And Trump sees Shanahan’s private sector experience as an asset — particularly as he looks to cut down on waste in the Pentagon’s budget.

“Our friend Shanahan is a good man. He’s done a great job. He’s a good buyer. I wanted somebody that could buy. Because I’m giving them a lot of money and I don’t want it to be wasted,” Trump told reporters during his trip to Iraq.

“Shanahan was at Boeing. Did a great at Boeing. Was there for a long time. Boeing is a hell of a company. He did a great job. Very responsible for the success for a certain plane — the Dreamliner. He’s a respected man.”

Shanahan also has a science and business educational background, that will also help him with the nitty-gritty of modernization and acquisition reform. He has a Bachelor’s degree in mechanical engineering from the University of Washington, a Master’s in mechanical engineering from the Massachusetts Institute of Technology, and an Master’s of Business Administration from MIT’s Sloan School of Management.

Shanahan has also taken on a weighty portfolio during his time as deputy defense secretary. He has spearheaded turning the president’s desire for a Space Force into a reality, which has helped him develop a good working relationship with the White House and vice president.

He also helped craft the National Defense Strategy formulated under Mattis, which shifted the Pentagon’s focus from terrorism to great power competition with China and Russia. He has also been responsible for making sure the military was implementing it.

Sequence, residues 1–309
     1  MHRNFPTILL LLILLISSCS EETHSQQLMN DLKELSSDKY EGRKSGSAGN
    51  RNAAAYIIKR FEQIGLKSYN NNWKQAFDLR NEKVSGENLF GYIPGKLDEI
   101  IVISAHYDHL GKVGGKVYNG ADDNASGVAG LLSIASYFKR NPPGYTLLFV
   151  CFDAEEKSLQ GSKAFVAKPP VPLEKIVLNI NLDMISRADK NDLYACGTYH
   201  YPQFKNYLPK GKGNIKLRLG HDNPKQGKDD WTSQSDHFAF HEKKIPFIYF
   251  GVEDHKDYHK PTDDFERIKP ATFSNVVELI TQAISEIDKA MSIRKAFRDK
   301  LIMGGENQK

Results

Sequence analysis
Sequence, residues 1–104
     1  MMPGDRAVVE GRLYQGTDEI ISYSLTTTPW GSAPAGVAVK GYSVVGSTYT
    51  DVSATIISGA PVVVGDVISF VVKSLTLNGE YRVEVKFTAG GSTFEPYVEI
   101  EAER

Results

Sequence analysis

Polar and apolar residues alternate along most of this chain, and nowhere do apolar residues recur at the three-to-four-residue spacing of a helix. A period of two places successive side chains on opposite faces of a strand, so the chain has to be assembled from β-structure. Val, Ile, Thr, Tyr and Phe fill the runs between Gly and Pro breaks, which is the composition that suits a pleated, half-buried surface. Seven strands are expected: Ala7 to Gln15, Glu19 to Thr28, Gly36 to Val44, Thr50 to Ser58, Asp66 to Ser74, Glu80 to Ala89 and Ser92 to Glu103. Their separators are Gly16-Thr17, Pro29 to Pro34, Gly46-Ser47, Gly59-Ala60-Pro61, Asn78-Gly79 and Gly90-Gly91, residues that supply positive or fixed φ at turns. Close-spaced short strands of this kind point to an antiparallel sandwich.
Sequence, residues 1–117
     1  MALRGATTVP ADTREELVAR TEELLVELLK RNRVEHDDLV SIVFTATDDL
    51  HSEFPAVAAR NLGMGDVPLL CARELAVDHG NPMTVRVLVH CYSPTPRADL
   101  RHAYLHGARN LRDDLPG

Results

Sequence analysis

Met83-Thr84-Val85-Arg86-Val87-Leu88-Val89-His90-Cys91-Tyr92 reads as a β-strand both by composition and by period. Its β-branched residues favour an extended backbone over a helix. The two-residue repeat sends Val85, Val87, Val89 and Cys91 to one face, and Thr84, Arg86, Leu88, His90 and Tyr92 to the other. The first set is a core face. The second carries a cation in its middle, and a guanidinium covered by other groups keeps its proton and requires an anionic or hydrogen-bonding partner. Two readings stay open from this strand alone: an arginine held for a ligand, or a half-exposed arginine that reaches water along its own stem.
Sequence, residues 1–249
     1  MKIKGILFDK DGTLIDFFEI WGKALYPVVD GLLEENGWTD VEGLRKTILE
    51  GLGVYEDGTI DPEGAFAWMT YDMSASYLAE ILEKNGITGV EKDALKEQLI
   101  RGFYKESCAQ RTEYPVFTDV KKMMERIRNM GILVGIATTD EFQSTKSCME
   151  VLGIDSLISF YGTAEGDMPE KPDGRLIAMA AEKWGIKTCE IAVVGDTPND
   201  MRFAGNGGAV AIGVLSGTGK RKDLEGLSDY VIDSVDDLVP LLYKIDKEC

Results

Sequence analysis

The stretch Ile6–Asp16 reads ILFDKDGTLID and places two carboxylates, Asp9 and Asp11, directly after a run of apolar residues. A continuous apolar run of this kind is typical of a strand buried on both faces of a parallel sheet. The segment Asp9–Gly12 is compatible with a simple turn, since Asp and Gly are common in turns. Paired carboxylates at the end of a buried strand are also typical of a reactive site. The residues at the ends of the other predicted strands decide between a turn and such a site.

There is also sense within the Pentagon that Shanahan will represent continuity from Mattis.

“Mr. Shanahan will remain focused on the National Defense Strategy. He was instrumental in crafting the document. His priorities are in there, so they have not changed,” said Shanahan’s spokesman Army Lt. Col. Joe Buccino.

The defense official said the impression that Shanahan has been siloed off working on special projects during his tenure is not true. “That’s not the case — he’s had everything.”

Shanahan is also a contender to take over the role permanently, according to reports. He was confirmed by the Senate as deputy defense secretary in July 2017 by a 92-7 vote.

However, Shanahan will face some near-term tests. He is expected to testify on the Trump administration’s 2020 defense budget request to Congress in February and will face questions from hawkish Republican senators and Democrats who are skeptical — if not downright hostile — to Trump’s policies.

Shanahan will also have to navigate a relationship with the press that had at times gotten prickly under Mattis. The retired four-star general was criticized in the mainstream media for not holding enough televised press conferences.

Shanahan has already had several public engagements with reporters, including in October at the Military Reporters and Editors conference where he fielded questions from dozens of reporters on camera.

In light of Mattis’ revered stature, Shanahan will have big shoes to fill, but so far, he has faced government service with enthusiasm.

“I’m often asked about the transition to the department with an undertone, ‘Is it what you expected?’” he said at the September conference. “I tell people it’s like breaking up with your longtime girlfriend and finding the love of your life.”

Shanahan grew up in Laurelhurst, a suburb of Seattle, Washington, according to the Seattle Times. His father, Mike Shanahan, was a Vietnam veteran and Bronze Star recipient, and later served in law enforcement for over 25 years.

Shanahan keeps a framed photo of his father in his office.

“He taught his boys to love their country and value its freedoms,” he said at his confirmation hearing last year. “He taught us to treat people fairly, respect law and order, and the importance of protecting the community.”